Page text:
Blunder #3: The signing of the infamous March 18, 2008 statement by five diasporan organizations (ANCA as one of the signatories) and the signing of the Coalition Agreement with the Republican Party and others on March 22, 2008. This is even more surprising if viewed together with the fact that Vahan Hovhanissian, the ARF’s candidate, resigned from his position of vice speaker of the parliament citing gross violations during the February elections. These two steps basically gave Robert Kocharian and Serge Sarkisian a free hand to “handle” the opposition and throw several dozen of them in jail, effectively closing the window for any meaningful political reform in Armenia. Fundamental developmental changes promised by Serge Sarkisian and signed up to by the coalition members, including the ARF, are yet to materialize.
Blunder #4: Unwillingness to cooperate with the Ter Petrossian-led opposition. The whole rhetoric that Levon Ter-Petrossian is one of the founding fathers of the crooked system we have now—while true—is reminiscent of holding grudges, which is not only difficult for the people of Armenia to comprehend—given the country’s state of affairs—but also difficult to reconcile with Kocharian’s own record of anti-ARF activities in Artsakh during the war, which did not prevent the ARF from becoming his power base for a decade.
Blunder #5: The ARF’s membership in the coalition governments. During the past 12 years, the party was in control of critical areas of education, social security, and agriculture, having to report little, if any, positive change in these areas. In fact, the ARF’s leadership in these areas witnessed Armenia entering the lowest quintiles of world countries in terms of budgetary spending on education and health.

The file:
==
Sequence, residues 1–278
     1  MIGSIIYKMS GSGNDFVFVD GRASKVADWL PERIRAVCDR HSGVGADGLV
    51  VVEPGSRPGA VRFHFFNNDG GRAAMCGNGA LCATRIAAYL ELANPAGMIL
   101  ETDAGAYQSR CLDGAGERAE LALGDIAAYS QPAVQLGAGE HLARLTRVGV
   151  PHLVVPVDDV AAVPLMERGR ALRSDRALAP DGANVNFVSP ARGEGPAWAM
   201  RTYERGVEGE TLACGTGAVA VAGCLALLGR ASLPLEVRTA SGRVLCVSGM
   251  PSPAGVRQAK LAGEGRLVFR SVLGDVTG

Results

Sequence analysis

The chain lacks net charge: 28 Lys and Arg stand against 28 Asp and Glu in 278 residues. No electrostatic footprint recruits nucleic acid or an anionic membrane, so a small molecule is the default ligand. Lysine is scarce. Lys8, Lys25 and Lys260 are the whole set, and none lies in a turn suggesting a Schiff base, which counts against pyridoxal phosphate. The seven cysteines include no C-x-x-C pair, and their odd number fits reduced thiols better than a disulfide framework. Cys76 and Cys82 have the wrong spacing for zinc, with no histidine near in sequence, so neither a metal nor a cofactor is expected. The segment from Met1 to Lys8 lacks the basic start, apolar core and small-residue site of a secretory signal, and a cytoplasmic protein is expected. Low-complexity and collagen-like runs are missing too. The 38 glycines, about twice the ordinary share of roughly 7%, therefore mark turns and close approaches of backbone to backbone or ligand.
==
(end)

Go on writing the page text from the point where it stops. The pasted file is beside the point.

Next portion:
Blunder #6: Handling of Armenia-Turkey protocols. While the end result—the ARF leaving the coalition—was as expected, many observers felt it was too little too late. It is difficult to imagine that as a coalition member the ARF was not in the loop with the preparations underway and could not have blown the whistle earlier on this biggest of all “Russian roulettes” played in Armenia’s recent history.
But let me not single out the ARF here and give you a snapshot of our assessment of the overall diaspora performance in recent years; here I cite the conclusions of the PFA’s Diaspora Report:
—Diaspora missed an opportunity to line up its vision, values, and aspirations with those of the people of Armenia. Diaspora economic assistance lost its scale/scope, and may have reduced incentives of those in power in Yerevan to undertake meaningful reform;